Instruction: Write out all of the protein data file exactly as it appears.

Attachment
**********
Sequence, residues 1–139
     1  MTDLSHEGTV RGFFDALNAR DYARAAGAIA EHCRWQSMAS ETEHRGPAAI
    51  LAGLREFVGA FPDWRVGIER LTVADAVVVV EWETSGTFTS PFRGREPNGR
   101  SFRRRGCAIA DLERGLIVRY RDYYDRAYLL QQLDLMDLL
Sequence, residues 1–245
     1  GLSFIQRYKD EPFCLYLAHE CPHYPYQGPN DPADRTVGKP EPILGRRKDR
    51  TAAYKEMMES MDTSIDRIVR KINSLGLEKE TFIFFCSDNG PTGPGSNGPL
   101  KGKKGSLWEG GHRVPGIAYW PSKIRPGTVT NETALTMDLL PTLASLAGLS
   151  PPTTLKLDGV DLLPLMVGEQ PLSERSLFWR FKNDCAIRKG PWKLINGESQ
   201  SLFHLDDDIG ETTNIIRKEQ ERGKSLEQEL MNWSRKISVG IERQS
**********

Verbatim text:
Sequence, residues 1–139
     1  MTDLSHEGTV RGFFDALNAR DYARAAGAIA EHCRWQSMAS ETEHRGPAAI
    51  LAGLREFVGA FPDWRVGIER LTVADAVVVV EWETSGTFTS PFRGREPNGR
   101  SFRRRGCAIA DLERGLIVRY RDYYDRAYLL QQLDLMDLL
Sequence, residues 1–245
     1  GLSFIQRYKD EPFCLYLAHE CPHYPYQGPN DPADRTVGKP EPILGRRKDR
    51  TAAYKEMMES MDTSIDRIVR KINSLGLEKE TFIFFCSDNG PTGPGSNGPL
   101  KGKKGSLWEG GHRVPGIAYW PSKIRPGTVT NETALTMDLL PTLASLAGLS
   151  PPTTLKLDGV DLLPLMVGEQ PLSERSLFWR FKNDCAIRKG PWKLINGESQ
   201  SLFHLDDDIG ETTNIIRKEQ ERGKSLEQEL MNWSRKISVG IERQS